This issue of Mycological Research News features the evolutionary origins of ryegrass endophytes, and implications of the cyclosporin experience for bioprospecting.
This month's Mycological Research includes 17 papers. The first demonstrates the successful and stable transformation of the genome in Fusarium circinatum using the Agrobacterium tumifaciens Ti plasmid. Molecular studies include ones on six species of Agaricus to elucidate their breeding systems, further research on the ascomycete order Agyriales, Alternaria alternata isolates associated with pistachio late blight, 16 species of Claviceps, the Entomophthora muscae complex, Hebeloma velutipes, Mycocalicium subtile, Ophiostoma piceae and O. quercus, genera in the Thelebolaceae, isolates identified as Trichoderma aureoviride, Tuber magnatum, and a Venturia associated with aspen blight.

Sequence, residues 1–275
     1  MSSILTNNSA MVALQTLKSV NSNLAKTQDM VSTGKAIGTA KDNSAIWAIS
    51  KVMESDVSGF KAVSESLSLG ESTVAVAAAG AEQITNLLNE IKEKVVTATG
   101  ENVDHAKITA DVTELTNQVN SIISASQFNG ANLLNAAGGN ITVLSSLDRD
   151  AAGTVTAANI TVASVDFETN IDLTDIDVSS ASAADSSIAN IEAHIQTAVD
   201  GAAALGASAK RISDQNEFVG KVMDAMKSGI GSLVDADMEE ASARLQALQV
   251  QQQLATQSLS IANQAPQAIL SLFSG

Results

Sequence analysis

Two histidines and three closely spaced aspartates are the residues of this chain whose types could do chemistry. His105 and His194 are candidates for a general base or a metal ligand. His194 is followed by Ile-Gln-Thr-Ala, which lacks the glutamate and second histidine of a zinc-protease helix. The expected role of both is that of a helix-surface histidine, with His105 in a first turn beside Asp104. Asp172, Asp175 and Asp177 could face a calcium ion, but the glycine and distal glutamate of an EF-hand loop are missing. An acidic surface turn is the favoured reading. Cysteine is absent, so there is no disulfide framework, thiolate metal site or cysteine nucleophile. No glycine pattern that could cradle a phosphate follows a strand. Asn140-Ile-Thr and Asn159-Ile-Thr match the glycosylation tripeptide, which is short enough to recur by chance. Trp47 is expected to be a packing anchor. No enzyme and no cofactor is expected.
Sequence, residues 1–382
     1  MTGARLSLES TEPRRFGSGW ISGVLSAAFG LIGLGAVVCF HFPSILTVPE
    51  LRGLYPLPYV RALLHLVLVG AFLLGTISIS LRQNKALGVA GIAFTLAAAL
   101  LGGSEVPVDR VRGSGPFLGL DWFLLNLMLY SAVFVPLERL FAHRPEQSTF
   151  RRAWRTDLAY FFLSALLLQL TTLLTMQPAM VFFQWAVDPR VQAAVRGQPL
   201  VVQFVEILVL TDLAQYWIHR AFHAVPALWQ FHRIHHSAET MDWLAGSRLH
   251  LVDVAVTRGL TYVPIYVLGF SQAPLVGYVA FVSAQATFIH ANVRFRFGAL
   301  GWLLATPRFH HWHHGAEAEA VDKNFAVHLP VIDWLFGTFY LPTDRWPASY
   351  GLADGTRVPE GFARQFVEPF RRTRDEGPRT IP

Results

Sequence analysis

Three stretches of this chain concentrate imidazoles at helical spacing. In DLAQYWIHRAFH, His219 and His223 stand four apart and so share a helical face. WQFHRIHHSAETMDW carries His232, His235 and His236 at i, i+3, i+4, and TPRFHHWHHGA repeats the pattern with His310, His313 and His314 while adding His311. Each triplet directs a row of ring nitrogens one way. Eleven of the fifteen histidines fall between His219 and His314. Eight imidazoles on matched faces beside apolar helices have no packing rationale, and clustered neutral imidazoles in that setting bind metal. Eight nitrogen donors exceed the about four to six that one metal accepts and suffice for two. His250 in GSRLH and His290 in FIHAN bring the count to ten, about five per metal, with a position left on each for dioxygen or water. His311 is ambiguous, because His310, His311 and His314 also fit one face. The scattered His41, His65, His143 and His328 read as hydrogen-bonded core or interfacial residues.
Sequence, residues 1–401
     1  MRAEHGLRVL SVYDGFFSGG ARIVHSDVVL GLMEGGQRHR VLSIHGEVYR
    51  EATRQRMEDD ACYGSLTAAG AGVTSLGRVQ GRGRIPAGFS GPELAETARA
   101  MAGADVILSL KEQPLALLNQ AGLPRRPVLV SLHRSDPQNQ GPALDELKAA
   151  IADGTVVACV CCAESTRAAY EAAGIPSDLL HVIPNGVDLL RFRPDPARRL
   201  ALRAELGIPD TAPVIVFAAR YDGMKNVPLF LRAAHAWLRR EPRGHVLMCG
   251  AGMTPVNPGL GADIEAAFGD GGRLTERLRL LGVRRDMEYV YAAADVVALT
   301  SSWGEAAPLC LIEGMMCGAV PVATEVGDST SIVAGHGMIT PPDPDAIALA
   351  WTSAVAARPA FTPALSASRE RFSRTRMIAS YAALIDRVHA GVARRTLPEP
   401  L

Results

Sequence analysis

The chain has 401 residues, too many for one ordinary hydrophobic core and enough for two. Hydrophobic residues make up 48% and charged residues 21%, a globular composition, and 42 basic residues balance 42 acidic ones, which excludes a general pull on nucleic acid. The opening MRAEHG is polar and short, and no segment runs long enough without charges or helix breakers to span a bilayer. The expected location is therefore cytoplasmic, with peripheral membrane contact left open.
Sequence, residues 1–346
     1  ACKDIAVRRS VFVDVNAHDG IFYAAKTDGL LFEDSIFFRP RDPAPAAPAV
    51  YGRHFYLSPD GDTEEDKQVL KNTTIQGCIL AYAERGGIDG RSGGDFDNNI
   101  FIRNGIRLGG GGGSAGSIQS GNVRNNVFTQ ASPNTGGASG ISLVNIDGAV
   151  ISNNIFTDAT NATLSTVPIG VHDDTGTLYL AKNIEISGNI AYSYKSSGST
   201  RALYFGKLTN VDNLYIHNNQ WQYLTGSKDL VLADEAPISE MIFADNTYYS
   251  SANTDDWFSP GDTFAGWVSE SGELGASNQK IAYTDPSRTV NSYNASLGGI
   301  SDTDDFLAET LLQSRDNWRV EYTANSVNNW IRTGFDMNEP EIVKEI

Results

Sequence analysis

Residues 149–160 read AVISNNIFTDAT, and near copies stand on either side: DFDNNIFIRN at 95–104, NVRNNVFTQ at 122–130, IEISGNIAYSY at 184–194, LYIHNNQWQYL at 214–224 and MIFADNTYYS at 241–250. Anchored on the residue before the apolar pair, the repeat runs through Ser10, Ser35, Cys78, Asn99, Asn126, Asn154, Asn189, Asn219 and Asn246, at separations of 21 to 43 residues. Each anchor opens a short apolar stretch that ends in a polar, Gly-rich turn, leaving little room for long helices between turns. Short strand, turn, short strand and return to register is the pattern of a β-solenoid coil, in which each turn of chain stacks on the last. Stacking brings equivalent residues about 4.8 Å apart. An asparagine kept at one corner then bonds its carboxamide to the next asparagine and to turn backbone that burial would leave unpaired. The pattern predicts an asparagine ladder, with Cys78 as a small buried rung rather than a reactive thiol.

Alternaria alternata, A. gaisen and A. longipes are shown to be distinct species, and the infection process of A. cirsinoxia on Canada thistle is documented. A xylanase gene of Cochliobolus sativus (anamorph Bipolaris sorokiniana) has been characterized, as has an hydrophobin in Metarhizium anisopliae.
The following new scientific names are introduced: Ainoa, and Antarctomyces gens. nov.; Antarctomyces psychrotrophicus sp. nov.; and Ainoa geochroa (syn. Biatora geochroa), and A. mooreana (syn. Lecidea mooreana) combs. nov.